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The Adventures of Roderick Random

Chapter 15
Strap moralises--presents his purse to me--we inform our landlord of our misfortune--he
unravels the mystery--I present myself to Cringer--he recommends and turns me over to
Mr. Staytape--I become acquainted with a fellow dependent, who explains the character
of Cringer and Staytape--and informs me of the method to be pursued at the Navy
Office and Surgeons' Hall--Strap is employed
In our way to our lodging, after a profound silence on both sides, Strap, with a hideous
groan, observed that we had brought our pigs to a fine market. To this observation I
made no reply, and he went on: "God send us well out of this place; we have not been
in London eight and forty hours, and I believe we have met with eight and forty
thousand misfortunes. We have been jeered, reproached, buffeted, and at last stript of
our money; and I suppose by and bye we shall be stript of our skins. Indeed as to the
money part of it, that was owing to our own folly.--Solomon says, 'Bray a fool in a
mortar, and he will never be wise.' Ah! God help us, an ounce of prudence is worth a
pound of gold." This was no time for him to tamper with my disposition, already mad
with my loss, and inflamed with resentment against him for having refused me a little
money to attempt to retrieve it. I therefore turned towards him with a stern countenance,
and asked, who he called fool? Being altogether unaccustomed to such looks from me,
he stood still, and stared in my face for some time; then, with some confusion, uttered,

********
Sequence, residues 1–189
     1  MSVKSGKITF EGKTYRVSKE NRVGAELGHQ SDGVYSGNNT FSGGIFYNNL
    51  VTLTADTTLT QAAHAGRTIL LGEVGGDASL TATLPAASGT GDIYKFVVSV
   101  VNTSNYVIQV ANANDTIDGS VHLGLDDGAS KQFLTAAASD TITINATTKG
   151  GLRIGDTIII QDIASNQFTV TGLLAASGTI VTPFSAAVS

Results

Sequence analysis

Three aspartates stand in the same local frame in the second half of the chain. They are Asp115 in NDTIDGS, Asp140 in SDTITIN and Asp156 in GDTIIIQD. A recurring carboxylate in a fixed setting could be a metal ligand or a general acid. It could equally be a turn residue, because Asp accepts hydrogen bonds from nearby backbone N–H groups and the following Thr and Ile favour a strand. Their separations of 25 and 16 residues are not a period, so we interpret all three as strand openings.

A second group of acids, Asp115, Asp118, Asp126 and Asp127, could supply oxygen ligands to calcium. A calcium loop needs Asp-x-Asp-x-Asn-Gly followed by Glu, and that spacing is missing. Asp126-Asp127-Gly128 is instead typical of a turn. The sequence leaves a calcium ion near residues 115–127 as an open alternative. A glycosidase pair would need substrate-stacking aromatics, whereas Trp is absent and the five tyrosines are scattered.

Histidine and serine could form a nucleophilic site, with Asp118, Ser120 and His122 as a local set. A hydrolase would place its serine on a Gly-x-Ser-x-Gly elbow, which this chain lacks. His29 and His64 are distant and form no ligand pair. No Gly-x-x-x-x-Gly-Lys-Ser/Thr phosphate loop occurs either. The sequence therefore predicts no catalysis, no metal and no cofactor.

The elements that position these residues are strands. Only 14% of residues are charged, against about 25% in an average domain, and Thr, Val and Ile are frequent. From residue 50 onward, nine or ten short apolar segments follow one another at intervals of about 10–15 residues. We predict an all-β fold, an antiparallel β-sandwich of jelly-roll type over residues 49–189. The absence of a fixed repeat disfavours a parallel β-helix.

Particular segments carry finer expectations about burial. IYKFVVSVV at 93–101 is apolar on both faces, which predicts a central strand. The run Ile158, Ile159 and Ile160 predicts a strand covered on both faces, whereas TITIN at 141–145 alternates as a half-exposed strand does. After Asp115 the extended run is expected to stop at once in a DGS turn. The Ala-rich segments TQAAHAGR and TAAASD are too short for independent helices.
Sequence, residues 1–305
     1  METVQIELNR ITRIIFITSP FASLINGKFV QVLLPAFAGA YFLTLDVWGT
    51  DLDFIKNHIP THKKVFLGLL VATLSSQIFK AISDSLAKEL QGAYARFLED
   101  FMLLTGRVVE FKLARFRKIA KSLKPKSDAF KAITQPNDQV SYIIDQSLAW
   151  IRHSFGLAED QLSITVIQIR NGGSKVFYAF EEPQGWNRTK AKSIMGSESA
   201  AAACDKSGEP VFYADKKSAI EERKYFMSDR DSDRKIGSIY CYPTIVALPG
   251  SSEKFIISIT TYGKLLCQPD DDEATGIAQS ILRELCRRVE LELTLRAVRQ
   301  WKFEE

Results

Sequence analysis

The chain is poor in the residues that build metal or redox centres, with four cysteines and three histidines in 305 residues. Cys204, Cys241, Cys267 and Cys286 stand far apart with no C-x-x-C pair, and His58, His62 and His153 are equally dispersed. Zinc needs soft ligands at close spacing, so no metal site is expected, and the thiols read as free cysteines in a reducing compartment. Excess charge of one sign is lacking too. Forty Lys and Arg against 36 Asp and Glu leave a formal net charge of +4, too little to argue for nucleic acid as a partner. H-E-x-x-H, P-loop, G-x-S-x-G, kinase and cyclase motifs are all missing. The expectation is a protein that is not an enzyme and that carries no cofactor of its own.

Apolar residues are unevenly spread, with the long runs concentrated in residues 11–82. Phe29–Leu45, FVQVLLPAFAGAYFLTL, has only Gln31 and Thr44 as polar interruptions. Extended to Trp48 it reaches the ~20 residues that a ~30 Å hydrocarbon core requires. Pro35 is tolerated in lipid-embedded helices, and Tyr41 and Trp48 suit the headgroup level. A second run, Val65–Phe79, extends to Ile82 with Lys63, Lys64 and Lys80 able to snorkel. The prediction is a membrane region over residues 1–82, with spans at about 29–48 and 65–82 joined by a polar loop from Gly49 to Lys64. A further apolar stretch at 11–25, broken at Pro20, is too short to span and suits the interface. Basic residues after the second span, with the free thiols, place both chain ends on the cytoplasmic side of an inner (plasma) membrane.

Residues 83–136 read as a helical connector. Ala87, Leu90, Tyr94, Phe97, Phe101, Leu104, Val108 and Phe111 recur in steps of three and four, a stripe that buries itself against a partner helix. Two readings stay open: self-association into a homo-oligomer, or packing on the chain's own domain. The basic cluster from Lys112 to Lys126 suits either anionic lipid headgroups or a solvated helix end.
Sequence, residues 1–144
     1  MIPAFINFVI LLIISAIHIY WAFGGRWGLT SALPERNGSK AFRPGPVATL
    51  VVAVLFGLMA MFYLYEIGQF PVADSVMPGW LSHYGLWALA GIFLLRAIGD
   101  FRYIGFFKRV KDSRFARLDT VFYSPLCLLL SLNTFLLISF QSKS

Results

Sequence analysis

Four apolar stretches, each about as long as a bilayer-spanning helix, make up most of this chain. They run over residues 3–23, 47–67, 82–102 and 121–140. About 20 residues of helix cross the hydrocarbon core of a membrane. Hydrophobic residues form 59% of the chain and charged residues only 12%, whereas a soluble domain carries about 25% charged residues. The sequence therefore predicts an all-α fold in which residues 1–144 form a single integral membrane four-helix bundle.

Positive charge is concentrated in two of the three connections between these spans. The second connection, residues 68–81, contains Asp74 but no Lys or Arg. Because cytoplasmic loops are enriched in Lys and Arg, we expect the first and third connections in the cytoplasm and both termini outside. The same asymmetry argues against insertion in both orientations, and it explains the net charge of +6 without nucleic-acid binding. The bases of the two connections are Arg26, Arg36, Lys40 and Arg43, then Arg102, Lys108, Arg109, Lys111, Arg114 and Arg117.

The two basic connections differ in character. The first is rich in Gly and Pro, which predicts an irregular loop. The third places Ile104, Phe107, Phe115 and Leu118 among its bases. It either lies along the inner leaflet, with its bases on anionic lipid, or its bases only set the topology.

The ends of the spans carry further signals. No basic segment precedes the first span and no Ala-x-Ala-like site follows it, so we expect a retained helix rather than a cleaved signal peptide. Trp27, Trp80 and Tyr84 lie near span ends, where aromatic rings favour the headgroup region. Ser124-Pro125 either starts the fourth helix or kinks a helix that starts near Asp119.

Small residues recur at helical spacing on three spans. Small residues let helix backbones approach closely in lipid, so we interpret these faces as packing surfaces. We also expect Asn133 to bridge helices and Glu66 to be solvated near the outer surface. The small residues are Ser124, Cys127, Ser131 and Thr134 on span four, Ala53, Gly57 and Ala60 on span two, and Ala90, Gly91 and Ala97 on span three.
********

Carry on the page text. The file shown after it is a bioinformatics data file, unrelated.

"Fool! I called nobody fool but myself; I am sure I am the greatest fool of the two, for
being so much concerned at other people's misfortunes; but 'Nemo omnibus horis
sapit'--that's all, that's all." Upon which a silence ensued, which brought us to our
lodging, where I threw myself upon the bed in an agony of despair, resolved to perish
rather than apply to my companion, or any other body, for relief; but Strap, who knew
my temper, and whose heart bled within him for my distress, after some pause came to
the bedside, and, putting a leathern purse into my hand, burst into tears, crying, "I know
what you think, but I scorn your thought. There's all I have in the world, take it, and I'll
perhaps get more for you before that be done. If not, I'll beg for you, steal for you, go
through the wide world with you, and stay with you; for though I be a poor cobbler's son,
I am no scout." I was so much touched with the generous passion of this poor creature,
that I could not refrain from weeping also, and we mingled our tears together for some
time. Upon examining the purse, I found in it two half-guineas and half-a-crown, which I
would have returned to him, saying, he knew better than I how to manage it, but he,
absolutely refused my proposal and told me it was more reasonable and decent that he
should depend upon me, who was a gentleman, than that I should be controlled by him.
After this friendly contest was over, and our minds more at ease, we informed our
landlord of what had happened to us, taking care to conceal the extremity to which we
were reduced. He no sooner heard the story, than he assured us we had been
grievously imposed upon by a couple of sharpers, who were associates; and that this
polite, honest, friendly, humane person, who had treated us so civilly, was no other than
a rascally money-dropper, we made it his business to decoy strangers in that manner to
 
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